Meet Tiger King Director Eric Goode, a Turtle Conservationist and New York Night-Life Mogul
Eric Goode built several popular establishments in downtown Manhattan — and reportedly used to date Naomi Campbell
Tiger King, the latest true crime sensation aptly subtitled Murder, Mayhem and Madness, is about as engrossing a docuseries as they come.
The seven-part series about rival exotic cat businesses — which culminates in an alleged murder-for-hire plot — premiered on Netflix on March 20. It has captivated viewers, understandably so given the mind-boggling nature of its twists and turns.
So it shouldn’t come as a surprise that the man behind the camera is just as interesting. Eric Goode, who directed and wrote the series with Rebecca Chaiklin, is an entrepreneur and conservationist with a fascinating background.
He’s a New York night-life impresario.
Goode, 62, has built a number of trendy and well-known hotels in downtown Manhattan, including the Bowery, the Maritime and the Jane, as well as popular restaurants such as B Bar and Grill and the Waverly Inn.
He was also one of the creators of Area, a hugely notable but short-lived art gallery/nightclub from the 1980s. Goode founded the club with his brother and two friends. Its theme would change every six months, featuring work from renowned artists like Keith Haring, Jean-Michel Basquiat and David Hockney.
Inside, according to Paper magazine, there “was an enormous aquarium with live sharks, and a coed bathroom that soon became a VIP room without a velvet rope or guest list.”
According to a New York Times article from 2006, “Area suggested a brilliant future, where night life and art would merge. And they did, for a moment, with reckless abandon.”
He’s no stranger to the celebrity world, clearly.
He’s also friends with Candace Bushnell, whose “Sex and the City” column in the New York Observer inspired the hugely popular HBO series of the same name. Goode’s restaurant the Bowery Bar was often featured in Bushnell’s columns.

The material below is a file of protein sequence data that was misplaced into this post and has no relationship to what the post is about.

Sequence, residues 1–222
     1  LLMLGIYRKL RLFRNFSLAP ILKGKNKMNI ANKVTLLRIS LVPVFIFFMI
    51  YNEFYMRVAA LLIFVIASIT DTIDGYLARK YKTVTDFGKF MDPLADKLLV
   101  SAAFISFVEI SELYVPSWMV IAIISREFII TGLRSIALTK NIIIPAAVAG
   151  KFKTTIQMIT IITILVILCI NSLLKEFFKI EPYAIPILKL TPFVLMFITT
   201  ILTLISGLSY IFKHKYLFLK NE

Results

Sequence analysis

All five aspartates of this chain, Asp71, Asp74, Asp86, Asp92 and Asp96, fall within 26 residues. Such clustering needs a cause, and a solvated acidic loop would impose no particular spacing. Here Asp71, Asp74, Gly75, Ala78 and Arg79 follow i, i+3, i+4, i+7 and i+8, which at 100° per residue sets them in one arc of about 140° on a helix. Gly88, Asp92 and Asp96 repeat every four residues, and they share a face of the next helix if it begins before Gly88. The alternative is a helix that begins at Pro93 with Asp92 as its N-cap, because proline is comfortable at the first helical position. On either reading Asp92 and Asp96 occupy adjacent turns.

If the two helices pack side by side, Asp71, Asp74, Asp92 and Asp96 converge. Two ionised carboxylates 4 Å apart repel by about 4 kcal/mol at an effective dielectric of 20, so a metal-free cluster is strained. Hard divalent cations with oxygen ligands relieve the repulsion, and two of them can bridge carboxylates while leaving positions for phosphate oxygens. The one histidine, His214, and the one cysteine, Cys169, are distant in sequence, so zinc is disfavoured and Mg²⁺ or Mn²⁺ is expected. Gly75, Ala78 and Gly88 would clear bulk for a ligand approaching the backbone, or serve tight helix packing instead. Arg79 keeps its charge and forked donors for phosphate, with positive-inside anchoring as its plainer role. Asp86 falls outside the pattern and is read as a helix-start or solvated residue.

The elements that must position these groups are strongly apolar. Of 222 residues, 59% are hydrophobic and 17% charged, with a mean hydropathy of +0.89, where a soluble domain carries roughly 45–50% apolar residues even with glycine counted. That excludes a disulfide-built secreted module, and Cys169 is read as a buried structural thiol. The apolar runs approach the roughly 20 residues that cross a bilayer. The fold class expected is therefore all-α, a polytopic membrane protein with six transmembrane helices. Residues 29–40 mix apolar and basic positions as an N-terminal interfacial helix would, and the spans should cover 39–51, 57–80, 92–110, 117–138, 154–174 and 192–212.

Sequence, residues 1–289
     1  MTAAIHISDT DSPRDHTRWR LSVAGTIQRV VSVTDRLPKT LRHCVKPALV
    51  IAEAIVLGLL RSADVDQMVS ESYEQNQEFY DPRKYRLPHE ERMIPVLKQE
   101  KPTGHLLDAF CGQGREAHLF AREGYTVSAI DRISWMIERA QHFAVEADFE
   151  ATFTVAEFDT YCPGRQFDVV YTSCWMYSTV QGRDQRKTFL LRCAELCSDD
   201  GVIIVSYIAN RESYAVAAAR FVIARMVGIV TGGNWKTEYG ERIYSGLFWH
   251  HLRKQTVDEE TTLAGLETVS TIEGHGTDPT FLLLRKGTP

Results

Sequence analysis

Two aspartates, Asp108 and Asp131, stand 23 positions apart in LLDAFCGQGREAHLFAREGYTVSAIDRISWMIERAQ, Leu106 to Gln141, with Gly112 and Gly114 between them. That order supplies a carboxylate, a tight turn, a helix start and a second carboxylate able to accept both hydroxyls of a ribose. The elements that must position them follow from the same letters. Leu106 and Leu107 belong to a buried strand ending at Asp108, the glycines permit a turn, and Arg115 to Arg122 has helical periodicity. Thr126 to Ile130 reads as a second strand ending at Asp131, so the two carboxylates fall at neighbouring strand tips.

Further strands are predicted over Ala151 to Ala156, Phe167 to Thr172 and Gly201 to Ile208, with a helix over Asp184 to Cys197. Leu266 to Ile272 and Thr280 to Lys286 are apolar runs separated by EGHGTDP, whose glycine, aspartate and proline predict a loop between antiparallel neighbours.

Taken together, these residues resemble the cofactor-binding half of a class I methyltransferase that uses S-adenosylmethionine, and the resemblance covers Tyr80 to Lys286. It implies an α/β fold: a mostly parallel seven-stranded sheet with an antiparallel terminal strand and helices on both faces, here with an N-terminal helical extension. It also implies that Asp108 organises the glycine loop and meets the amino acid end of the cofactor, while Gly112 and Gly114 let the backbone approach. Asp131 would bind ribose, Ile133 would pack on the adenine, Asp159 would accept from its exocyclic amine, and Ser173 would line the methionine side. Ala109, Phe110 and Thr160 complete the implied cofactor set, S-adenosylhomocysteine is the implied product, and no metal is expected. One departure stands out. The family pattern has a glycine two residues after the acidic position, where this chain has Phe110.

“If I had to characterize who was there, I’d say everybody,” Goode told the New York Times in 2018 of the establishment at that time. “Because it was the place of the moment. It was Russell Simmons at one booth, Naomi Campbell at another, Ian Schrager at another. And Candace was part of that posse with Jay McInerney and Morgan [Entrekin].”
And he really loves turtles.
Goode is the founder of the Turtle Conservancy, a global conservation organization whose mission is to preserve and protect natural ecosystems, focusing on turtles and tortoises and their habitats. In 2005, he created a five-acre conservation center and retreat in Ojai, California, devoted to the care and breeding of the endangered animals.
He’s also the publisher and co-editor of The Tortoise magazine, an annual conservation publication. Oh, and he created the Turtle Ball, an annual fundraising event that aims to shine a light on the global turtle extinction crisis.
“I guess you could say I’m a closeted animal person, because a lot of my life I did it in secrecy,” he recently told the Los Angeles Times. “I was always fascinated with exotic animals, particularly reptiles, from the age of 6 when I got a pet tortoise.”
As for whether he anticipated the success of Tiger King?
“It underscores that reality is stranger than fiction,” he said. “We have a captive audience watching captive cats. I’m the last person to talk to about statistics and ratings. Obviously, I’m happy that people are seeing it. We worked on it for a very long time, and it’s very rewarding.”